The book Curious Lives is in fact the above five Ferret Chronicles books collected in one volume, the only changes being changes to the titles of each of the five.
  • Flying: The Aviation Trilogy. Scribner 2003, ISBN 0-7432-4747-7, Collected edition containing
    • Stranger to the Ground
    • Biplane
    • Nothing by Chance
  • Messiah's Handbook: Reminders for the Advanced Soul. 2004. ISBN 1-57174-421-5.
  • Hypnotizing Maria. Hampton Roads Publishing Company 2009, ISBN 1-57174-623-4.
  • Thank Your Wicked Parents: Blessings from a Difficult Childhood. Rainbow Ridge 2012, ISBN 978-193790-702-0.
  • Travels with Puff: A Gentle Game of Life and Death. NiceTiger 2013. ISBN 978-193777-703-6.
  • Illusions II: The Adventures of a Reluctant Student. Diamond Inspiration(Kindle single e-book) 2014.



  1. "Richard Bach (Biographical sketch)." Retrieved: December 11, 2015.
  2. Science Fiction and Fantasy Literature, vol. 2, R. Reginald, 1979, pg 803
  3. Scott, Phil. "My First Time." Air & Space/Smithsonian, Vol. 17, No. 2, June/July 2002, p. 47.
  4. "Jonathan Livingston Seagull." Archived 2006-04-26 at the Wayback Machine. 20th-Century American Bestsellers. Retrieved: December 11. 2015.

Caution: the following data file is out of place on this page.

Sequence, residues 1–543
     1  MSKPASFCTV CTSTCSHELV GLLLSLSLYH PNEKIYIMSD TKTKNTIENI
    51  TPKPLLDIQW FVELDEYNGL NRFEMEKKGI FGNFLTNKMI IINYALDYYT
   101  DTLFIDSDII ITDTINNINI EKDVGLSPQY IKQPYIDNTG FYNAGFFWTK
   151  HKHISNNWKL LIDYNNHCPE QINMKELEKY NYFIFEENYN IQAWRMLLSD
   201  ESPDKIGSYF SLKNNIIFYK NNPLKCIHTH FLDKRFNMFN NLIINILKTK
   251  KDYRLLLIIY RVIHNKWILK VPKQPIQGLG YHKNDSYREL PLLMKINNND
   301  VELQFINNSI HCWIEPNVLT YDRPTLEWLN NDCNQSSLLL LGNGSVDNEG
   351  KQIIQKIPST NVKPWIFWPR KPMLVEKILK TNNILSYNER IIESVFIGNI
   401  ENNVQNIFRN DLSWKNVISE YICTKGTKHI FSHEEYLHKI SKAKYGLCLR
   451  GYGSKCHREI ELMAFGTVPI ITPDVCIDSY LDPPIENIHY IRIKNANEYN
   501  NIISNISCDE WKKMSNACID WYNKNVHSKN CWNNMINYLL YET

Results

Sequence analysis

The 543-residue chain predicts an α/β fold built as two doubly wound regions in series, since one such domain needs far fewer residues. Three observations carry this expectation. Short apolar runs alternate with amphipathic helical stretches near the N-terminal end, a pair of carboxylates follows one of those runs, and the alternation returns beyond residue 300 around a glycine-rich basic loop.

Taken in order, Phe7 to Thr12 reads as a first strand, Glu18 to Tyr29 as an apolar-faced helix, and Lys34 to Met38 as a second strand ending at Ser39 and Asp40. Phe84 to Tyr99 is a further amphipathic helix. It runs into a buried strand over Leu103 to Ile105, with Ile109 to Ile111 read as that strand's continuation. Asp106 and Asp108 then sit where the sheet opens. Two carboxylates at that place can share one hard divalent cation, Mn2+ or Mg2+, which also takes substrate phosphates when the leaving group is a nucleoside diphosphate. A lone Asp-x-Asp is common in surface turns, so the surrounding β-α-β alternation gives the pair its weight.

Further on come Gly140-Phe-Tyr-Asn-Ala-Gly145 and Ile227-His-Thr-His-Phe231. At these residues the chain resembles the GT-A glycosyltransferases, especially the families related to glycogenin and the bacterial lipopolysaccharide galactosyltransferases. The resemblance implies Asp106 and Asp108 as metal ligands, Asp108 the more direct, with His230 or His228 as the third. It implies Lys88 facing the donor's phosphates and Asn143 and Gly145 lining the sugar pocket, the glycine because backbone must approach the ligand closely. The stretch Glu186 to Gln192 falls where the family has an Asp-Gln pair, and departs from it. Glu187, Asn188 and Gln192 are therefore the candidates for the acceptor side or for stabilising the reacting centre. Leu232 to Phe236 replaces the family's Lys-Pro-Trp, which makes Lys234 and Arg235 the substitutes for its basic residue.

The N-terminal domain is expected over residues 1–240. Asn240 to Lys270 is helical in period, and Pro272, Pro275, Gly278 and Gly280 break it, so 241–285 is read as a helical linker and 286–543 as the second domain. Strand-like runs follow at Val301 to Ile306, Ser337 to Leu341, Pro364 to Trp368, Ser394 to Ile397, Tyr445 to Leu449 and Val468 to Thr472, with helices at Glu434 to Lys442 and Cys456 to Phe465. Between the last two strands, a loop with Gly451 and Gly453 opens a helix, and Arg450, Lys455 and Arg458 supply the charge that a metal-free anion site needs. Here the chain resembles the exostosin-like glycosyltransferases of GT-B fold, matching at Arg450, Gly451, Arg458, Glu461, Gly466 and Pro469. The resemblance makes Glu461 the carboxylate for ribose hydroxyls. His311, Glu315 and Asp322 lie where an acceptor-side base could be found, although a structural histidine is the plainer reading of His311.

5. Walters, Raymond, Jr. "Book Review:'Jonathan Livingston Seagull'." The New York Times, July 23, 1972, p. 43.
  6. Pendo 1985, p. 58.
  7. "Author Richard Bach injured in Washington plane crash." Fox News, September 1, 2012. Retrieved: December 11, 2015.
  8. Valdes, Manuel. "'Jonathan Livingston Seagull' author crashes plane." MSNBC (Associated Press), September 1, 2012. Retrieved: December 11, 2015.
  9. Sullivan, Jennifer. "Author Richard Bach, recovering from plane crash, returns to inspirational tale." Seattle Times, January 17, 2013. Retrieved: December 11, 2015.
  10. Werris, Wendy. "Despite crash, new Bach book set for March." Publishers Weekly, December 14, 2012. Retrieved: December 11, 2015.
  11. Bach Fineman, Betty. Patterns: Tales of Flying and of Life Editorial and Aviation Service, 2007. ISBN 978-0979629808.
  12. Bach, Jonathan. Above the Clouds: A Reunion of Father and Son. New York: William Morrow & Co., 1993. ISBN 978-0-6881-1760-3.
  13. Varughese, Suma, "A Long Way Ahead to Fly.", Richard Bach interview, Life Positive, March 2006. Retrieved: March 13, 2017.


  • Pendo, Stephen. Aviation in the Cinema. Lanham, Maryland: Scarecrow Press, 1985. ISBN 0-8-1081-746-2.

External links